After cancelling two official events in Tampa Monday, Gov. Rick Scott flew back to Tallahassee and got a briefing on the effects of Tropical Storm Debby in Florida. Scott declared a Level 1 state of emergency, the lowest declaration, which activates storm operations in all 67 counties.
At a news conference at the state Emergency Operations Center in Tallahassee, Scott advised Floridians to be safe, avoid non-essential driving, pay close attention to weather reports and stay away from downed power lines.
"I think the most important thing is, one, just use common sense. Be careful," Scott said. "If you're close to a beach, be very cautious. Look at all the beach advisories. If there's any standing water, if there's any flooding, don't drive into it. Be very, very, very cautious."
Emergency managers said Debby, a dense, slow-moving storm, plans to stick around for awhile, and that rains could last until Thursday. No National Guard troops have been activated and the state has not yet asked for any federal disaster assistance.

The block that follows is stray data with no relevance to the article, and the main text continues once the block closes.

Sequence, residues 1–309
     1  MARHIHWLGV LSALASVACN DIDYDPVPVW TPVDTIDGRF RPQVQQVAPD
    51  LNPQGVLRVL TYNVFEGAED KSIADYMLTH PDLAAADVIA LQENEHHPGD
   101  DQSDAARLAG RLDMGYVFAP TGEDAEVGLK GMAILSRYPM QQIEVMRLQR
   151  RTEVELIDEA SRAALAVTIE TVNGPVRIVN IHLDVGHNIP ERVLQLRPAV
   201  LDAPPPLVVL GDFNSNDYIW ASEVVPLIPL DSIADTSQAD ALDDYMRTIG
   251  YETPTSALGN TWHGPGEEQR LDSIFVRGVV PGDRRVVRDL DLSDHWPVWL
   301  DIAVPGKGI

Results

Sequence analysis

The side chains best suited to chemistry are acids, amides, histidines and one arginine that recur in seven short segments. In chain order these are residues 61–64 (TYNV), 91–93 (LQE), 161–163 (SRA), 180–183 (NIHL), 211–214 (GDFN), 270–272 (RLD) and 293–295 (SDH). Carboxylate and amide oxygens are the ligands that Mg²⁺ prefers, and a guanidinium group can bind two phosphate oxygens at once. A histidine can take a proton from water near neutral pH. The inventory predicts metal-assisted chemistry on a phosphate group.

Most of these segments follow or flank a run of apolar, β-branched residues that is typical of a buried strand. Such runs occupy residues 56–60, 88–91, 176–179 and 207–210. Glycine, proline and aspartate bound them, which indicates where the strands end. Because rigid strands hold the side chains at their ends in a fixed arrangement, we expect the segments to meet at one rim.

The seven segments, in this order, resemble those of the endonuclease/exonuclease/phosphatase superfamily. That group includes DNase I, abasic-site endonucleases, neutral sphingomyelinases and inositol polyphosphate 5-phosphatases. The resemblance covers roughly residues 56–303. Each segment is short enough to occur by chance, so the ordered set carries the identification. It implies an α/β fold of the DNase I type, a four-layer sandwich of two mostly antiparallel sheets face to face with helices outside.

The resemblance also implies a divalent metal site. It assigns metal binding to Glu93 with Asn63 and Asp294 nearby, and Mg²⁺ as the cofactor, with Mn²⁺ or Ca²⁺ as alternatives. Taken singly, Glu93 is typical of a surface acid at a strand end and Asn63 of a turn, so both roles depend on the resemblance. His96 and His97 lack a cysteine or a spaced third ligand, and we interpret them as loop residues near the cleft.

Scott said the storm is 75 miles off the coast and is moving in a northeasterly direction at 3 miles an hour. He said the low-lying counties of Taylor and Dixie were in the storm's path, and that both counties could sustain from 10 to 20 inches of rain in the next couple of days.
"We could be seeing 10 to 20 inches of rain in parts of the state that could lead to some fairly severe flooding," said Bryan Koon, the state's chief of emergency management. Heavy winds have forced the closing of the Sunshine Skyway Bridge in Bradenton and the causeway bridge to St. George Island, south of Tallahassee, he said. "Wind primarily. They're just not safe to cross when it gets about 40 miles an hour," Koon said.
Koon said power outages are scattered and widespread and he estimated that 35,000 people were without electricity. Three hundred stranded Boy Scouts, on a camping trip in Hernando County, had to be moved to a shelter, officials said.
The next state update from the National Hurricane Center will be at 5 p.m. Monday. The state's first storm briefing came about 30 hours after sustained rains from the storm began falling on the Tampa Bay region. Of the timeliness of the state's official response, Scott said: "This is the right time to respond ... We're prepared."